Lemony Snicket meets Breaking Bad meets The Griswold's in an unforgettable comedic journey of a lifetime.
Sometimes life is stranger than fiction.
Can you recount the tales of selling your first home? The excitement beforehand, the anticipation, as you anxiously await for that momentous day to arrive…SOLD!
Well, as Mr. Grake can attest, the first time selling your home can be an experience, unlike anything imaginable.
Have you ever had something happen to you, so ridiculous, so mind boggling, so unbelievable that it makes you think to yourself…WTF!
All Mr. Grake wants to do is sell the family home. What could be simpler?
Along the way he encounters 2 lunatic assassins (realtors) that take advantage of his family and their kindness.
One assassin flies the coup while another constructs a sinister plan to reveal Mr. Grake’s “true” identity.
As things go from bad to worse, to something else entirely…as Mr. Grake is accused of murdering one of his children and stuffing their lifeless corpse under the bed. But that’s not all, as they’d lead you to believe Mr. Grake is cooking meth in his garage a la Heisenberg from Breaking Bad.
So he fires them.
Deciding, “ Hey, we should tell the news about this.”
An interview with the news turns into “the fallout” from hell; with the end of Amazon, to The Grake’s navigating a bomb on a severely turbulent flight. The madness rages on during a 6 month journey filled with misadventure as The Grake’s attempt to sell their home and move far, far away.
REVIEW: Meth Murder and Amazon by G. S. Gerry
Meth Murder and Amazon by G. S. Gerry is an unusual book, written in an extremely unique style. Almost like a stream of consciousness, but with absurd character names and place names, weird little rhymes, and unusual descriptors. I’ve never read a book quite like this before. I’m still confused about what was real and what was fantasy. Was Mr. Grake a meth dealer, à la Walter White? Or was that another story of fancy? Was there even a murder? Or was that a misunderstanding? What secrets are these normal middle-class people hiding?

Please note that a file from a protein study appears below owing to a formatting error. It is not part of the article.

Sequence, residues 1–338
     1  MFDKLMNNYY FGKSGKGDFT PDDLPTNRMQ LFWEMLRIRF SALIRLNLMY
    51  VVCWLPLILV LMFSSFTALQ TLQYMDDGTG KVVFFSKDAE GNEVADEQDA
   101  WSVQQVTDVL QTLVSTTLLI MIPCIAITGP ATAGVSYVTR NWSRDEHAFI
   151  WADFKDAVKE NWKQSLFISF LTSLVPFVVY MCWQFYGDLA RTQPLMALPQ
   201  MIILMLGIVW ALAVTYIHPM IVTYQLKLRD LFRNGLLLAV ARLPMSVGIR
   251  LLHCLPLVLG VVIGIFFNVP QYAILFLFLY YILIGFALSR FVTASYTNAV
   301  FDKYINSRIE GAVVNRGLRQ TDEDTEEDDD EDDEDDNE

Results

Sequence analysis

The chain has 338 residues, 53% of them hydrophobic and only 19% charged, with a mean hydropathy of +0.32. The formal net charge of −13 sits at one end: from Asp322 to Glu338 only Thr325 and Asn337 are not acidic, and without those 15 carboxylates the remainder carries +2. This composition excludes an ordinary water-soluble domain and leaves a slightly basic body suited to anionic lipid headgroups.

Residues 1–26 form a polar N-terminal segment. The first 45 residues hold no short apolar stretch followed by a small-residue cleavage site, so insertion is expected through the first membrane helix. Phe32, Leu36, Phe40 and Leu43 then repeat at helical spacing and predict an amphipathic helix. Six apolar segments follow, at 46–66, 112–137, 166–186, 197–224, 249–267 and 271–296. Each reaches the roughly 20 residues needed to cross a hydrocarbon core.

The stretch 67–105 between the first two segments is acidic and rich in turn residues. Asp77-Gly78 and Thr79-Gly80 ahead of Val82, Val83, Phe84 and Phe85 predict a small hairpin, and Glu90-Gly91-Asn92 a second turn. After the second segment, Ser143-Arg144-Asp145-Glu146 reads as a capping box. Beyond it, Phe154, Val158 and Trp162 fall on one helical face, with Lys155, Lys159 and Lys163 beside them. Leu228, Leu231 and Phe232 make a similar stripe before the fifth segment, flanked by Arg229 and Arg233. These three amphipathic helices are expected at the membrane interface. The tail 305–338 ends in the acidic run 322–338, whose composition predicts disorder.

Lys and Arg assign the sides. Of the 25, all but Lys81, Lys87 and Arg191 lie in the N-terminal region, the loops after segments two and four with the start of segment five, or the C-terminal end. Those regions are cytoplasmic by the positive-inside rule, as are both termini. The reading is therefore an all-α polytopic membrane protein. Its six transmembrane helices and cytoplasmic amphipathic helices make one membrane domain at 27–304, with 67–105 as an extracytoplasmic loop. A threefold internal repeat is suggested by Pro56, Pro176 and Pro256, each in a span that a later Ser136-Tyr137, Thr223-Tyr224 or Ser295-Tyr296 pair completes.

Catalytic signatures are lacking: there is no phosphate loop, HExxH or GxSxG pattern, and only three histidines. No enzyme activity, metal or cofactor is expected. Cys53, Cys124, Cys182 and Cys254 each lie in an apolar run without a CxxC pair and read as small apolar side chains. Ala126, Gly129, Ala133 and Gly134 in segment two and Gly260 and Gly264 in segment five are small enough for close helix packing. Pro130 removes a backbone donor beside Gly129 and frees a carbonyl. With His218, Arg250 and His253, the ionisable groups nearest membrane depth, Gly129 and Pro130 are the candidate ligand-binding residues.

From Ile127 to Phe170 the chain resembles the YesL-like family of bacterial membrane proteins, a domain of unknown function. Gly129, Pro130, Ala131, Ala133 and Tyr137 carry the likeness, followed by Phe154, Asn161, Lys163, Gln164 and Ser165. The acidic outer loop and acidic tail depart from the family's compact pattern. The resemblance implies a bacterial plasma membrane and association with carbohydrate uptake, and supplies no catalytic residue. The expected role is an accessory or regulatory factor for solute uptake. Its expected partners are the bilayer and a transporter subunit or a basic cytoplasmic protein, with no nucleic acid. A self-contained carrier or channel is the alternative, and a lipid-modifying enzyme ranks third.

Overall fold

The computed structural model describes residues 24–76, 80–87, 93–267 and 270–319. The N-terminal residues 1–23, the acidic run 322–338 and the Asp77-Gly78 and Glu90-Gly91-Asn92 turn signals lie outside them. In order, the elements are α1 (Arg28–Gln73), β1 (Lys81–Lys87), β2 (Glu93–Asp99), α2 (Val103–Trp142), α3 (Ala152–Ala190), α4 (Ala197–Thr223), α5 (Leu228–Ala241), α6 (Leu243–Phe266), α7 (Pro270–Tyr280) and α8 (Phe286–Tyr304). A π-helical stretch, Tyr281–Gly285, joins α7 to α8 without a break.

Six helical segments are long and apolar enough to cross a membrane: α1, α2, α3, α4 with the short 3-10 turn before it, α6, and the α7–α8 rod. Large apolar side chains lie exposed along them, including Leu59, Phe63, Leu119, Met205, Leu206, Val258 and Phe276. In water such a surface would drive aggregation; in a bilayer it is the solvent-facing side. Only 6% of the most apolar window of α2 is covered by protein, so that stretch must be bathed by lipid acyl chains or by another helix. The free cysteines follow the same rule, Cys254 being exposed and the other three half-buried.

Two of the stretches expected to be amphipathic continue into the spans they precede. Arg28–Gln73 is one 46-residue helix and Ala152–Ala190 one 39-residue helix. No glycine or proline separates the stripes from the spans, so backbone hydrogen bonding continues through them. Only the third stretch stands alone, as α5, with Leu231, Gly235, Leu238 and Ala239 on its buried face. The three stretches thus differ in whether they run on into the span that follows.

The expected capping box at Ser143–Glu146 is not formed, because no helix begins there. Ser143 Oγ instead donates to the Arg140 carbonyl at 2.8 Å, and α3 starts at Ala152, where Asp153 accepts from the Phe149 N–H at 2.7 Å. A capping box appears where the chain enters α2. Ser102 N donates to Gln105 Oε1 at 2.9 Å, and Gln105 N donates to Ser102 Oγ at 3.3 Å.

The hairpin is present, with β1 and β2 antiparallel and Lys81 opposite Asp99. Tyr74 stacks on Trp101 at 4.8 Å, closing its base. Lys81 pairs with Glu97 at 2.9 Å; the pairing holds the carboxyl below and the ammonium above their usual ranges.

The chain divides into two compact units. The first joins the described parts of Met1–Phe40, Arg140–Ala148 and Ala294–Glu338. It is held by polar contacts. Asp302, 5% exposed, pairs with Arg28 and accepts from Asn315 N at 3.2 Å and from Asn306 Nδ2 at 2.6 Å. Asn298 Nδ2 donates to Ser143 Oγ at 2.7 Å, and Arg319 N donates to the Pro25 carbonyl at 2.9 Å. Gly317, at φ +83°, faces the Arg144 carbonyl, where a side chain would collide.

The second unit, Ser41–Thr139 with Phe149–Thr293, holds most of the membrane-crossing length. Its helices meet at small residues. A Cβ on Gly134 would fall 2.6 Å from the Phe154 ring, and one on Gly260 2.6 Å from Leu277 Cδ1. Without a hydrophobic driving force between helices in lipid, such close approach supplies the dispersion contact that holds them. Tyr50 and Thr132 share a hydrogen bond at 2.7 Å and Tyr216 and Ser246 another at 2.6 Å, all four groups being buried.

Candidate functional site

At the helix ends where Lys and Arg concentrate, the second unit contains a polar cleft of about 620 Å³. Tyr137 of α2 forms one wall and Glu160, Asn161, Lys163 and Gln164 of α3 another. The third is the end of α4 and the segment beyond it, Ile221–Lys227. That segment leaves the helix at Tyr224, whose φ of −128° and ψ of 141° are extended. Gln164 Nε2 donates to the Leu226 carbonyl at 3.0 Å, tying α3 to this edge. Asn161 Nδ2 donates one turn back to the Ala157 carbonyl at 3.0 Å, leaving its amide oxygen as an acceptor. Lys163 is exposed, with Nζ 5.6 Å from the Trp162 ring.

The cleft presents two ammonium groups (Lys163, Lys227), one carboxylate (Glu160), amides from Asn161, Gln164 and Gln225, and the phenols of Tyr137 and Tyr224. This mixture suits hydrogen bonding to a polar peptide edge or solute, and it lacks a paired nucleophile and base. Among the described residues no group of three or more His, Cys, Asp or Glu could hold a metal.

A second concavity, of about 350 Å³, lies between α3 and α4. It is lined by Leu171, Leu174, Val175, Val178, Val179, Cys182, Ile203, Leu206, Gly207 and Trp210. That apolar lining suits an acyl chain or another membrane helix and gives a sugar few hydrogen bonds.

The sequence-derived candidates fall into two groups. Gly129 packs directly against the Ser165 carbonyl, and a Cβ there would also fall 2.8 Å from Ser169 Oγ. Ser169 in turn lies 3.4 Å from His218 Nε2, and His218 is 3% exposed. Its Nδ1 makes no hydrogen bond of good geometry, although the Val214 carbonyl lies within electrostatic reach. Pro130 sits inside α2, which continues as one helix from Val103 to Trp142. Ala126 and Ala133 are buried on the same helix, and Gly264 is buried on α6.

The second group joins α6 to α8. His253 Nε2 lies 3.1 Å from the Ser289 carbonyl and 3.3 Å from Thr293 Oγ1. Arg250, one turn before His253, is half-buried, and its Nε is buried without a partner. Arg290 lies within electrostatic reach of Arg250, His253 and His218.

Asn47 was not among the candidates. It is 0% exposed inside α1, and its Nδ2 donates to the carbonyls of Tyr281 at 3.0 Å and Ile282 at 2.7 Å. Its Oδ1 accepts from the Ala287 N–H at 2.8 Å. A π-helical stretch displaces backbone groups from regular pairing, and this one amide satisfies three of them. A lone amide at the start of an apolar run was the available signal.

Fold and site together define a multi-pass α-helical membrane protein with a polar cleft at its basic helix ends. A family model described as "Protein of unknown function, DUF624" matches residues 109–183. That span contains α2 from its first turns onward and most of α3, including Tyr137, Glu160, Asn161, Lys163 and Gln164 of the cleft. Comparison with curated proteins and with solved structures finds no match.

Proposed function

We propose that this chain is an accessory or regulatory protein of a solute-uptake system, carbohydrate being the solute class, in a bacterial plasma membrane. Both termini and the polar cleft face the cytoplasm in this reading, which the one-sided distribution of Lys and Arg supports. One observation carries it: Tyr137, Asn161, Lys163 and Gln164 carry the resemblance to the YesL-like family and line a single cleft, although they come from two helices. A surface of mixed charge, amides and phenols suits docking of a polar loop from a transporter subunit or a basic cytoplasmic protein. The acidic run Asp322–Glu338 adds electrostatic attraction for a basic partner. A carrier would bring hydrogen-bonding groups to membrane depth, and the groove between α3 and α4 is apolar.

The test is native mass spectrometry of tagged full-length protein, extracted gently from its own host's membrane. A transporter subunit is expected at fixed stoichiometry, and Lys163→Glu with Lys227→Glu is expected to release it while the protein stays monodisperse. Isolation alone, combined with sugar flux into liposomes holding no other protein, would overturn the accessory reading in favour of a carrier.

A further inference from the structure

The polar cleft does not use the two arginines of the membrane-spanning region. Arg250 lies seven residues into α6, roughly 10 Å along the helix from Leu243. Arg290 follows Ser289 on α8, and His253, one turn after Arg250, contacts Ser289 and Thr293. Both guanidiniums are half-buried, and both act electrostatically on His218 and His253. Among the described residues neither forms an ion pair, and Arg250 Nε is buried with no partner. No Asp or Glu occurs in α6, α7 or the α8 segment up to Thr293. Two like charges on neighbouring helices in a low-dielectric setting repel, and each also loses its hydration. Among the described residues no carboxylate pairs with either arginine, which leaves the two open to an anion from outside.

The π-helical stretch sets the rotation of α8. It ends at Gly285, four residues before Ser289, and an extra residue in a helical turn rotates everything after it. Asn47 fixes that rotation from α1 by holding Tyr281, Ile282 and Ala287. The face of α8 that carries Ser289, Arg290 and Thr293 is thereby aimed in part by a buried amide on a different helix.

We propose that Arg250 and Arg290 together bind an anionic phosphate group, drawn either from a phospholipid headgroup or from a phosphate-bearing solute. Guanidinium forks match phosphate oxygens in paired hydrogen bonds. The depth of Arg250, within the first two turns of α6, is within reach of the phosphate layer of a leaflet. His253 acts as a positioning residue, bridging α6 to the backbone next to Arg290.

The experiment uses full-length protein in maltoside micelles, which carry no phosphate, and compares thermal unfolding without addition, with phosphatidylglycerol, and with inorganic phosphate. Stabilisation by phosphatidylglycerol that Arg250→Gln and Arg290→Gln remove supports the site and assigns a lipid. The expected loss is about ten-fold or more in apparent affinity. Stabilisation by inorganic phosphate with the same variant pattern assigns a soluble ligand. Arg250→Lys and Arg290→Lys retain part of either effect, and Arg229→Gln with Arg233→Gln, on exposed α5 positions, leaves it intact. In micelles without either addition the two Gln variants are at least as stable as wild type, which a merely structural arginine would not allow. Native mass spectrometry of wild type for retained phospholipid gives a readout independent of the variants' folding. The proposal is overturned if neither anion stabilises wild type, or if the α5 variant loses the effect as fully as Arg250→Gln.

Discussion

But I liked it. How could I not like it? It was cleverly written. It even had emojis and pictures! I admit that I didn’t get all the puns or cultural references, but I got a lot of them, and that was half fun of reading Meth Murder and Amazon — when I figured out one of the spoonerisms it was almost like a Eureka! moment.
The story revolves around a family, the Grakes, trying to sell their home, and the trials and tribulations that ensue. They just want to sell their home, that’s it. Sounds like the most normal thing in the world, right? Millions of people do this exact thing every year. It should be almost rote by now. Every homeowner has done it at least once — list house, take an offer, haggle, sold.
You’d think it would be just that easy. Not for the Grake family. They plow through three real estate agents in the Sky Scrapin’ State where they live, with the ensuing mayhem. This should be simple in a sellers’ market. But it’s not. No one — and I mean no one — is interested in buying their house. Why? I have no idea. Add to that gut punch, accusations of murder and meth manufacture — all of it trumped up. Or was it? The weather even conspires against the Grakes. These people cannot catch a break.
G. S. Gerry took a chance writing such an avant-garde novel. If you’re willing to take a chance on something different, then you will enjoy Meth Murder and Amazon. It’s not a book that you can skim through — you have to pay attention to get all the hidden meanings, the plays on words, and the obscure references.
Meth Murder and Amazon is a short read, but it lays out an interesting story, in an interesting way. It’s the worst case scenario that we all fear — life out of control. G. S. Gerry likens it to a roller coaster ride. A very apt analogy — especially for the Grake family.